Among my favorites are “my father is a retired magician”; “toussaint”; “live oak”; “irrepressibly bronze, beautiful & mine”; “rise up fallen fighters”; “7 tequilas gone”; “the stage goes to darkness”; “crooked woman”; “about atlanta”; “who needs a heart”; and “pages for a friend.” I fear that “crack annie” will stick with forever, though not in a good way; the poem is written from the pov of a mother who facilitates the rape of her seven-year-old daughter in exchange for drugs, and it is simply haunting. “ode to orlando” is as well, though in a more melancholy (as opposed to nauseating) way. Written in the days after the Pulse nightclub shooting, Shange reflects on how the tragedy did – and could have – impacted her own family. (Shange’s daughter is gay and has in fact been to the club.)

(More below the fold…)

Book Review: Black Genealogy: Poems by Kiki Petrosino and Lauren Haldeman (2017)

Friday, January 26th, 2018

A haunting cry across the chasms of time and injustice.

five out of five stars

(Full disclosure: I received a free electronic ARC for review through Edelweiss.)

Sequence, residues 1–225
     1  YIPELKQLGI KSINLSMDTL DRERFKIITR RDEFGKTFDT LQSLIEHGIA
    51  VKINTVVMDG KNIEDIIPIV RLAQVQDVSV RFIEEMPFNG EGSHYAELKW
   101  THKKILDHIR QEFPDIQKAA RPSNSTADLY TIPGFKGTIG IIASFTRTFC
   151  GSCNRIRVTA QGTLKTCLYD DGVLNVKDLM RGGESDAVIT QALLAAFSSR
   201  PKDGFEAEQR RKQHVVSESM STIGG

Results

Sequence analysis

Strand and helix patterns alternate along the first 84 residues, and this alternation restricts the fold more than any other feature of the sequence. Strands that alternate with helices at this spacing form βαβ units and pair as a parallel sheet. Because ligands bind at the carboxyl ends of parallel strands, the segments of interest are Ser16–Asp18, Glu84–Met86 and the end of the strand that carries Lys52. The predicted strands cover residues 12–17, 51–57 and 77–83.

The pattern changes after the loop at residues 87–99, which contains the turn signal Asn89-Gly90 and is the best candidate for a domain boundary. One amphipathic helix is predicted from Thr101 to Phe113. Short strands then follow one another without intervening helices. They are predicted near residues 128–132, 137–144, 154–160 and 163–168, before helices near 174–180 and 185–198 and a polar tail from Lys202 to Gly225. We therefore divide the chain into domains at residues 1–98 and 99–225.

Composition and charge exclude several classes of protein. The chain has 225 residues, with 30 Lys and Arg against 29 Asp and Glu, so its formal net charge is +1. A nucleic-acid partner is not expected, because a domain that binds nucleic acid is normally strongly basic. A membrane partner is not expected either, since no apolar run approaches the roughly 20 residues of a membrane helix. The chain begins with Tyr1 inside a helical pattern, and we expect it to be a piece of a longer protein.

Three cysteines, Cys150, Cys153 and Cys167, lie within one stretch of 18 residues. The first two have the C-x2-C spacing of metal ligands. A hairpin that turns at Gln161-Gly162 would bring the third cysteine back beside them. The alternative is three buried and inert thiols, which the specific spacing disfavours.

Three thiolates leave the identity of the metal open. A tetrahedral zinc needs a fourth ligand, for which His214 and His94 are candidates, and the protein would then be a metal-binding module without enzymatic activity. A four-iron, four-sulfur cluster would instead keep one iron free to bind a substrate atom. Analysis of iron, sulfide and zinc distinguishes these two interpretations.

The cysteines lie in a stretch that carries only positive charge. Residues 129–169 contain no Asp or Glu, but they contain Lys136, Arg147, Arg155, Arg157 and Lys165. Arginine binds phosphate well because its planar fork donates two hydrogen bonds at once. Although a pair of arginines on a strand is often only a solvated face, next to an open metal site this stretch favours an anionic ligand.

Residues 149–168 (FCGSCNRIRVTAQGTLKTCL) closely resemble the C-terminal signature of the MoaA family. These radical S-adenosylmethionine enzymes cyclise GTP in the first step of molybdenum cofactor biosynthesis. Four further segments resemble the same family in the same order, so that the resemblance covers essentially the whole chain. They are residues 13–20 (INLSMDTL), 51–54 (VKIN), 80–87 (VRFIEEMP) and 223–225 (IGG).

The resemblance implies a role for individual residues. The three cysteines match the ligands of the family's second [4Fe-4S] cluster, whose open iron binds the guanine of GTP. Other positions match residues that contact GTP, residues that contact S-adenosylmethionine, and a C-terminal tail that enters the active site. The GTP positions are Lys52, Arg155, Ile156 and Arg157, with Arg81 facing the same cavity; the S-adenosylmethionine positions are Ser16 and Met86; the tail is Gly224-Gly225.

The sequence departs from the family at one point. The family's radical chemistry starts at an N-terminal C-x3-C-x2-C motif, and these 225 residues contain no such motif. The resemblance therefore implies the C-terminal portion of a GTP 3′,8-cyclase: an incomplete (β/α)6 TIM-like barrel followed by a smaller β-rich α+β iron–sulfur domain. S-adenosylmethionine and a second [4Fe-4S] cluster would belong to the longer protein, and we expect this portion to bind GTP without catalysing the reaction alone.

You want to know who owned us & where.
But when you type, your searches return no results.
Slavery was grown folks’ business, then old folks’.
We saw no reason to hum Old Master’s name
to our grandchildren, or point out his overgrown gates
but you want to know who owned us & where
we got free. You keep typing our names into oblongs
of digital white. You plant a unicode tree & climb up
into grown folks’ business. You know old folks
don’t want you rummaging here, so you pile sweet jam
in your prettiest dish. You light candles & pray:
Tell me who owned you & where
I might find your graves.
Little child, we’re at rest
in the acres we purchased. Those days of
slavery were old folks’ business. The grown folks
buried us deep. Only a few of our names survive.
We left you that much, sudden glints in the grass.
The rest is grown folks’ business we say. Yet
you still want to know. Who owned us? Where?